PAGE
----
The World’s Worst Legislature is barreling toward the session’s finish line, and the Republican super-majority shows no sign of moderating its war on public education, despite recently emerging evidence that several of the most enthusiastic proponents of vouchers have disturbing conflicts of interest, not to mention overwhelming evidence that privatizing schools leads to poorer educational outcomes.
Of course, Indiana’s lawmakers are impervious to evidence of all kinds. (Look at Indiana’s gun laws, disregard of environmental impacts…the list goes on.)
I know my periodic posts on the subject are the equivalent of “whistling in the wind,” but as the research continues to pile up, I find it hard to restrain myself.
In the Public Interest recently shared “a clear and concise breakdown of the problems of vouchers,” written by a Professor of Education Policy at Michigan State University, and titled “There is no Upside.”
Here’s the lede:
What if I told you there is a policy idea in education that, when implemented to its full extent, caused some of the largest academic drops ever measured in the research record?
What if I told you that 40 percent of schools funded under that policy closed their doors afterward, and that kids in those schools fled them at about a rate of 20 percent per year?
What if I told you that some the largest financial backers of that idea also put their money behind election denial and voter suppression—groups still claiming Donald Trump won the 2020 election? Would you believe what those groups told you about their ideas for improving schools?
What if I told you that idea exists, that it’s called school vouchers, and despite all of the evidence against it the idea persists and is even expanding?
The article followed up with a compilation of independent analyses drawn from both the research community and “on the ground” reporting by journalists. You need to click through for the details, but here are the “top level” findings:
- First, vouchers mostly fund children already in private school. Seventy to -eighty percent of kids using vouchers were already in private school before taxpayers picked up the tab.
- Among the relatively few kids who did use vouchers to leave public schools, test scores dropped between -0.15 and -0.50 standard deviations.
- The typical private school accepting vouchers “isn’t one of the elite, private schools in popular narrative.” The typical voucher school is “small, often run out of a church property like its basement, often popping up specifically to get the voucher.”
- Understandably, many kids leave those sub-prime schools. (In Wisconsin, about 20 percent of kids left their voucher school every year and most transferred to a public school.)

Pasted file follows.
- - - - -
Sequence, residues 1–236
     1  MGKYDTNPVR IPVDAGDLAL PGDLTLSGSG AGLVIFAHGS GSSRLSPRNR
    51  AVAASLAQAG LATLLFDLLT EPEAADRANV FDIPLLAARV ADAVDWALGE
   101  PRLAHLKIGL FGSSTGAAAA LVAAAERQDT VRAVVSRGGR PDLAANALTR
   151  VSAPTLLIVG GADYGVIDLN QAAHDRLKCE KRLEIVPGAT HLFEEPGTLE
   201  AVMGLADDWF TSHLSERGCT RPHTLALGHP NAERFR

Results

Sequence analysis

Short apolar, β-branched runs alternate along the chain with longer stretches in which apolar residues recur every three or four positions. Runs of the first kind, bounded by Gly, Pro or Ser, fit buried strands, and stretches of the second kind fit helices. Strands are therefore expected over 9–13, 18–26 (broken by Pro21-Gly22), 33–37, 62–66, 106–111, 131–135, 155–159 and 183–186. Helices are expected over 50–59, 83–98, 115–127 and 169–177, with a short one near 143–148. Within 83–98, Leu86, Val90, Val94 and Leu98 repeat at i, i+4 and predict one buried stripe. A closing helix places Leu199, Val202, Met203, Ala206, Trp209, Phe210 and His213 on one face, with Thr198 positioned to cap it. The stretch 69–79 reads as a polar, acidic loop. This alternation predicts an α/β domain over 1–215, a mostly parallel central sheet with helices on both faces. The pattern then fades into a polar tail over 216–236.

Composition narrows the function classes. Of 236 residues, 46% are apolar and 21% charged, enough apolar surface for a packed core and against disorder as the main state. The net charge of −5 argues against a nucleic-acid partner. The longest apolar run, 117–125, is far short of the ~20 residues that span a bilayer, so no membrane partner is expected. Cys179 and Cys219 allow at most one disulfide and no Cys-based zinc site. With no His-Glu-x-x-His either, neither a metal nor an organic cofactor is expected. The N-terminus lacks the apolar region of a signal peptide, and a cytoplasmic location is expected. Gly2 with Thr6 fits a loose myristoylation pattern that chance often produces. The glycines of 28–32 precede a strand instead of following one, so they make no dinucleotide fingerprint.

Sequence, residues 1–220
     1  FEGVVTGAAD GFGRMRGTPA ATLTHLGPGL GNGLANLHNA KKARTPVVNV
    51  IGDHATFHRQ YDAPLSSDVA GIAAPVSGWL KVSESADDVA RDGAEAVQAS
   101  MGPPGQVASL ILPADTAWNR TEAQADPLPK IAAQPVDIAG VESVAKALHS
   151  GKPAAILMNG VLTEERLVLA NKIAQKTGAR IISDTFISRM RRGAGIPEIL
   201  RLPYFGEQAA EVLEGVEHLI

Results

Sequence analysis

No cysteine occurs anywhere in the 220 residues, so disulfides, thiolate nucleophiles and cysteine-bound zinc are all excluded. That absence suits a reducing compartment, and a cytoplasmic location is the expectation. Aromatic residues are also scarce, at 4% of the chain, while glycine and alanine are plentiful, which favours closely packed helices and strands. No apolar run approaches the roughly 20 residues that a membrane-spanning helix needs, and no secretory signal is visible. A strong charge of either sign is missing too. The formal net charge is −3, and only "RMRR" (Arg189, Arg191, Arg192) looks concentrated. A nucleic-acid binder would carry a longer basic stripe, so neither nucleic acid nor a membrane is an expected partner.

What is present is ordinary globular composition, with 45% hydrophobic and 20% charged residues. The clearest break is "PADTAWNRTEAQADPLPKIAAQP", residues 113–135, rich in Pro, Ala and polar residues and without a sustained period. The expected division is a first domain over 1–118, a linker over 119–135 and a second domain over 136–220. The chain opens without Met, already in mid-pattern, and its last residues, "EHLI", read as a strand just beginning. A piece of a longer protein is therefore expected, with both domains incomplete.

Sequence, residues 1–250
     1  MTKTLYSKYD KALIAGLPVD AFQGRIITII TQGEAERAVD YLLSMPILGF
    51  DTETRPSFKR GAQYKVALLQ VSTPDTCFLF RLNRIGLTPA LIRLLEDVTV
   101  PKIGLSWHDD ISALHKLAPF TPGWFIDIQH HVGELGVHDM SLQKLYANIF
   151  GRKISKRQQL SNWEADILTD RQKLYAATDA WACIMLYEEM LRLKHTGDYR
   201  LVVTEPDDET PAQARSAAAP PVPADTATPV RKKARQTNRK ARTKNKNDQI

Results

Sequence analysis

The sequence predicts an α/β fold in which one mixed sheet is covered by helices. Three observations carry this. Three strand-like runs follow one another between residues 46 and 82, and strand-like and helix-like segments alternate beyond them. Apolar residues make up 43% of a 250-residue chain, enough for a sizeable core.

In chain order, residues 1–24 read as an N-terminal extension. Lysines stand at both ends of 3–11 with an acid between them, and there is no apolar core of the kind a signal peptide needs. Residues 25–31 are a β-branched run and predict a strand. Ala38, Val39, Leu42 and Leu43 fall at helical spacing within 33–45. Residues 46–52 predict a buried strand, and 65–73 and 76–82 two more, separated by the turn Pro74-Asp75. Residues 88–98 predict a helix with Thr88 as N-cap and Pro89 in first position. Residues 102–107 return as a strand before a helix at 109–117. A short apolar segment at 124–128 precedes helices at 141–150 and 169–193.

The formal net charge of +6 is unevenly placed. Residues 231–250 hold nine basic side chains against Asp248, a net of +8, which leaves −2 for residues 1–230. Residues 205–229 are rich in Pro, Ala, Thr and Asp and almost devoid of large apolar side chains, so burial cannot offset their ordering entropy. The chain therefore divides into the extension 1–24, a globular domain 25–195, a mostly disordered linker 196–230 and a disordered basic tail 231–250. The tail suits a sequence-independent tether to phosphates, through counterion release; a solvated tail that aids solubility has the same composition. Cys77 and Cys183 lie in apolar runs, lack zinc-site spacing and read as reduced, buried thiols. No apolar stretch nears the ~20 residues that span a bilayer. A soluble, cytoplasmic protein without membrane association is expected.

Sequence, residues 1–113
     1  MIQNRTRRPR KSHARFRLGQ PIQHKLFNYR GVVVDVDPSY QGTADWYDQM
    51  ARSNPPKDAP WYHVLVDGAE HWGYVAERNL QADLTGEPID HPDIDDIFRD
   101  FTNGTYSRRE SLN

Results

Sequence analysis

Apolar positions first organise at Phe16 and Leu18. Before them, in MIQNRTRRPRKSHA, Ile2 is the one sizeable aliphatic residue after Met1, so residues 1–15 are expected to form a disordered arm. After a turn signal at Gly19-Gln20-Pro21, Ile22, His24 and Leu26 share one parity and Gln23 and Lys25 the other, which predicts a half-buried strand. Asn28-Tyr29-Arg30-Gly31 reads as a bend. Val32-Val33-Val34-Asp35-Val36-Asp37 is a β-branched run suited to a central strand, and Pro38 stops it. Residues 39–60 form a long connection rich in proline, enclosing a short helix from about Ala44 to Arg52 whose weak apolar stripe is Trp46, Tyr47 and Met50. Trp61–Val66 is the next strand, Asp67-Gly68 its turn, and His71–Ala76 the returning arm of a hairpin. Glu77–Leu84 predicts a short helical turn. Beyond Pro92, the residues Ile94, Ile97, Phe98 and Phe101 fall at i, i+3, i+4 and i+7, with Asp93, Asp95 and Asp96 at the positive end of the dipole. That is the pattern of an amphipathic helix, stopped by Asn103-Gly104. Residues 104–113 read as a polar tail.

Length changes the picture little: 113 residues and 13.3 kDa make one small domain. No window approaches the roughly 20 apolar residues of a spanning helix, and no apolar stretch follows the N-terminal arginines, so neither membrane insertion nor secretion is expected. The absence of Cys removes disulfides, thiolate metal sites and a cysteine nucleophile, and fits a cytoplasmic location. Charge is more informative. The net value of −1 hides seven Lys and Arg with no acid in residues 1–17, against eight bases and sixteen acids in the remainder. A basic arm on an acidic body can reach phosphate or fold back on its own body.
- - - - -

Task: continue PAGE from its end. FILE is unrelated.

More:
Then there is the issue of transparency and oversight.
All of the above evidence should already tell you why it’s critically important that states passing voucher laws also include strong academic and financial reporting requirements. If we’re going to use taxpayer funds on these private ventures, we need to know what the academic results are and what the return on government investment is.
And of course, we don’t.
Then, of course, there’s discrimination.
We know that in Indiana, where one of the largest and lowest-performing voucher programs exists, more than $16 million in taxpayer dollars went to schools discriminating against LGBTQ children. Similar story in Florida—and that includes kids whose parents are gay, regardless of how the children identify.
Given the fact that Indiana’s legislature is advancing other discriminatory measures aimed at the LGBTQ community–especially several ugly measures targeting trans children–I’m sure our lawmakers consider that documented bigotry to be a feature, not a bug.
The article also traces connections I’d not previously been aware of between the most active voucher proponents and far-right organizations engaging in efforts to suppress votes and reject the results of the 2020 presidential election.
Interestingly, the article doesn’t highlight one of my main concerns: that vouchers are an end-run around the First Amendment’s Separation of Church and State. Here in Indiana, over 90% of voucher students attend religious schools, a significant percentage of which are fundamentalist. The children who attend overwhelmingly come from the corresponding faith communities. Even the religious schools that don’t actively discriminate do not and cannot provide the diverse classroom environment that prepares children for citizenship in increasingly diverse America.(Most don’t teach civics, either.)
It also doesn’t address how vouchers disproportionately hurt rural communities.
The article concludes:
So there you have it: catastrophic academic harm. A revolving door of private school failures. High turnover rates among at-risk children. Avoiding oversight and transparency. Overt, systematic discrimination against vulnerable kids and families. Deep and sustained ties to anti-democratic forces working in the United States today.
That’s school vouchers in 2023.
That’s the “system” Hoosier lawmakers want to greatly expand–with funds stolen from the state’s already under-resourced public schools.